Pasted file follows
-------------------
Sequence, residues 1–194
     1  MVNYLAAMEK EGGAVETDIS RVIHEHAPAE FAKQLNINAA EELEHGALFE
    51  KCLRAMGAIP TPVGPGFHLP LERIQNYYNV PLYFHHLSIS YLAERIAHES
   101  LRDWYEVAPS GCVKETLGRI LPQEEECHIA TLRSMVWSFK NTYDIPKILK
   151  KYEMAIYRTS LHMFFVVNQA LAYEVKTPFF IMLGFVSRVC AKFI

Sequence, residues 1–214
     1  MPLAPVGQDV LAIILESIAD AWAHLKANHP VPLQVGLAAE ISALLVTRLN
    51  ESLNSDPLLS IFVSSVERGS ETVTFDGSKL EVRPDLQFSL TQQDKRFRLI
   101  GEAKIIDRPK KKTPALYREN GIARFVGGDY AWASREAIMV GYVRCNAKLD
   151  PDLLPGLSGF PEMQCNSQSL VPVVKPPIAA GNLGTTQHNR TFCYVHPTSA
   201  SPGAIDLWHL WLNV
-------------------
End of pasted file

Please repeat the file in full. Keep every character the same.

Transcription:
Sequence, residues 1–194
     1  MVNYLAAMEK EGGAVETDIS RVIHEHAPAE FAKQLNINAA EELEHGALFE
    51  KCLRAMGAIP TPVGPGFHLP LERIQNYYNV PLYFHHLSIS YLAERIAHES
   101  LRDWYEVAPS GCVKETLGRI LPQEEECHIA TLRSMVWSFK NTYDIPKILK
   151  KYEMAIYRTS LHMFFVVNQA LAYEVKTPFF IMLGFVSRVC AKFI

Sequence, residues 1–214
     1  MPLAPVGQDV LAIILESIAD AWAHLKANHP VPLQVGLAAE ISALLVTRLN
    51  ESLNSDPLLS IFVSSVERGS ETVTFDGSKL EVRPDLQFSL TQQDKRFRLI
   101  GEAKIIDRPK KKTPALYREN GIARFVGGDY AWASREAIMV GYVRCNAKLD
   151  PDLLPGLSGF PEMQCNSQSL VPVVKPPIAA GNLGTTQHNR TFCYVHPTSA
   201  SPGAIDLWHL WLNV